Commercial-grade carpet almost always requires a glued-down installation. It features a dense, short nap designed to withstand heavy use and is an excellent choice for some home applications, such as over concrete or in a home office or hobby space. If you will be applying carpet glue on concrete, you'll need a special glue that adheres well to high-alkaline concrete floors. Check with the carpet manufacturer to ensure the product you are considering will adhere well to concrete.
For installation, expect to spend about 20 minutes per square yard, not including subfloor preparation. Make sure you're confident measuring, lifting, laying, and cutting carpet.
Seam the carpet in a spot where there will be little foot traffic and so that each piece of carpet is at least 4 feet wide. Align the pieces so that the carpet nap and pattern (if any) will match. Once you have determined the best place for a seam, snap a chalk line on the subfloor where the seam will fall.
Using a carpet knife trim about 1-1/2 inches off the seam edges of the existing carpet pieces (an existing cut edge of the carpet usually results in a visible seam).
On the larger piece of carpet, put a a pen or screwdriver between two rows of tufts about an inch from the seam edge. Drag the pen or screwdriver the entire length of the seam, keeping it between the same two rows of tufts. This creates a visible valley in the carpet.
Using a carpet knife begin the cut in the valley and then use a row cutter to complete the cut. As you cut, angle the row cutter about 5 degrees so that you are cutting away slightly more backing than tufted fiber.
Put the second piece of carpet in place, positioning it so the first piece overlaps it by about 2 inches. The left edge of the piece, as it came off the roll, should be against the right edge of the other piece as it came off the roll.
As you did in Step 3, on the second piece of carpet put a screwdriver or pen between two rows of tufts about an inch from the seam edge. Drag the screwdriver the entire length of the seam. Align the cut edge of the larger carpet piece with this new valley.
Using a carpet knife, begin the cut in the second valley and then use a row cutter to complete the second cut. Check for gaps, sliding the pieces back and forth as necessary to form a perfect seam.
Fold back each piece about 3 feet from the seam line. If necessary weight down the carpet to hold it in place. Vacuum up any loose carpet fibers created during cutting.
Using the trowel recommended by the carpet manufacturer, apply the carpet adhesive recommended by the manufacturer onto the bare floor on each side of the seam. Let the glue set for the proper length of time as directed by the manufacturer.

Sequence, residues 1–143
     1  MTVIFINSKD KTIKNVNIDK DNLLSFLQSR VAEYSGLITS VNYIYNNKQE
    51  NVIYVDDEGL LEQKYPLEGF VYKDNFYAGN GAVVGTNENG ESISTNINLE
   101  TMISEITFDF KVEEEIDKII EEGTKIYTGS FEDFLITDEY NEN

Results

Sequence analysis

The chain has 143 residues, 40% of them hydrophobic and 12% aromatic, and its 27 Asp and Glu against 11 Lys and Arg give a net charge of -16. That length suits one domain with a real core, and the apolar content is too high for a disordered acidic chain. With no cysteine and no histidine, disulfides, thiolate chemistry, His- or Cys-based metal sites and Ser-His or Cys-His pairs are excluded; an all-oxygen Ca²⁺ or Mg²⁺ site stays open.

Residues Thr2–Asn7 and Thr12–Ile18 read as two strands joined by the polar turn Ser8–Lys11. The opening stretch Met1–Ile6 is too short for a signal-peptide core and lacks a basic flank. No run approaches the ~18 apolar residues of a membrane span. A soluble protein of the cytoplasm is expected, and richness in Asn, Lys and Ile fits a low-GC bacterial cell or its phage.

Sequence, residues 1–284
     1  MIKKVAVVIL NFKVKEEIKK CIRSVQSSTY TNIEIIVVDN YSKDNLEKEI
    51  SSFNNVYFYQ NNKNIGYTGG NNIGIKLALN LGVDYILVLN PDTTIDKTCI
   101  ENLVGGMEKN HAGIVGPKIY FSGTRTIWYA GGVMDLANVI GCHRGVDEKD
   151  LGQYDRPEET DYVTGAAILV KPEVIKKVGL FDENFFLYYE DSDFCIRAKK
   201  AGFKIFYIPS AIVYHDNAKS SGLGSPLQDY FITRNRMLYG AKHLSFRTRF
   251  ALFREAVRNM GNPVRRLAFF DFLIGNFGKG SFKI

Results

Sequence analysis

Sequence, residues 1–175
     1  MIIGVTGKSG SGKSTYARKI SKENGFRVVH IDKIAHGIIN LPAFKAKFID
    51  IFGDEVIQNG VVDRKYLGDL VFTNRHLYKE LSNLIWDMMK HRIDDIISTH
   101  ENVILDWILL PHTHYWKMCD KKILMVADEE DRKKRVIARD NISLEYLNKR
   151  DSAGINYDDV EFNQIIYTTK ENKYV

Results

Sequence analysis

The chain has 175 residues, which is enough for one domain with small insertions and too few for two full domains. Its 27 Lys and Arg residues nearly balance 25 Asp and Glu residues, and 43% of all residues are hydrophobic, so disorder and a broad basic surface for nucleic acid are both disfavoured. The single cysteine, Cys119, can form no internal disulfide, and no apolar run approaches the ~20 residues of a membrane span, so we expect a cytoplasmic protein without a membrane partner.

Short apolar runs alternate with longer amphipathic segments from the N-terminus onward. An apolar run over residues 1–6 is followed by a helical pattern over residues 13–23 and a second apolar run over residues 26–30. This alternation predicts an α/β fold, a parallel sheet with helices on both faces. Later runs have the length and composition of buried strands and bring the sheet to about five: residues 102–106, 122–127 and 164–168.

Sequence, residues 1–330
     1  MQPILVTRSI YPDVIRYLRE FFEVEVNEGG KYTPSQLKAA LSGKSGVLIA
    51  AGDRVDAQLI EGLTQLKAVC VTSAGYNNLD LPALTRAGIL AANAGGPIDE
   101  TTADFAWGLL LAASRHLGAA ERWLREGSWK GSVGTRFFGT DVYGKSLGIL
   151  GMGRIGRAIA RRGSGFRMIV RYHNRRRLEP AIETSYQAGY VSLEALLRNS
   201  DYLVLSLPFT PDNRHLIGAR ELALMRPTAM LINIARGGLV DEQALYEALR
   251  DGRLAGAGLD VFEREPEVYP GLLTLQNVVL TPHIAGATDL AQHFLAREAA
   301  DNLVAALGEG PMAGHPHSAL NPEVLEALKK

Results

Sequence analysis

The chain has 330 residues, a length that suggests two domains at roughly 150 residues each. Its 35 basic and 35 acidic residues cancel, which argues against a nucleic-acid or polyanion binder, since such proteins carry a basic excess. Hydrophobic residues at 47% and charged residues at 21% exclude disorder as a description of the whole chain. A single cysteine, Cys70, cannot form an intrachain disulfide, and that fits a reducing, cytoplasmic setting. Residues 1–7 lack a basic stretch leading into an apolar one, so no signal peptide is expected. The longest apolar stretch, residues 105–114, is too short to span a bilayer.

Unfold the larger piece and adhere it to the subfloor. If you are gluing a large piece of carpet, have helpers hold the ends of the folded back edge taut while you hold the middle. To avoid wrinkles walk slightly ahead of them and work your way toward the edges.
Apply the seam sealer recommended by the manufacturer to the cut edge of the large piece of carpet, squeezing a bead the thickness of the backing onto the actual backing. Take care not to get any of the adhesive on the nap of the carpet.
Working quickly, fold the edge of the short piece of carpet into the adhesive. Work with helpers again, this time keeping the edge of the carpet in a straight line as you approach the seam. Do not apply additional seam sealer to this piece of carpet.
Using a seam roller, press the seam together while rolling along the seam to remove any bubbles and to ensure a firm seal.
Finish laying the large piece of carpet. Roll up the unattached section, apply adhesive to the subfloor, and fold the carpet back into place.
Finish laying the small piece of carpet. Roll up the unattached section, apply adhesive to the subfloor, and fold the carpet back into place.
To ensure a firm seal, roll a floor roller across the entire width and length of the carpet. If any adhesive seeps up from the seam after rolling, you'll need to clean off the glue.
Brush the seam with a clean broom to raise the nap. Trim off stray fibers with duckbill napping shears. Once you have finished the installation, avoid walking on the carpet for at least 24 hours.
Editor's Tip: A high-quality carpet that is properly installed can last for years. To keep your carpet looking good, vacuum it at least once a week.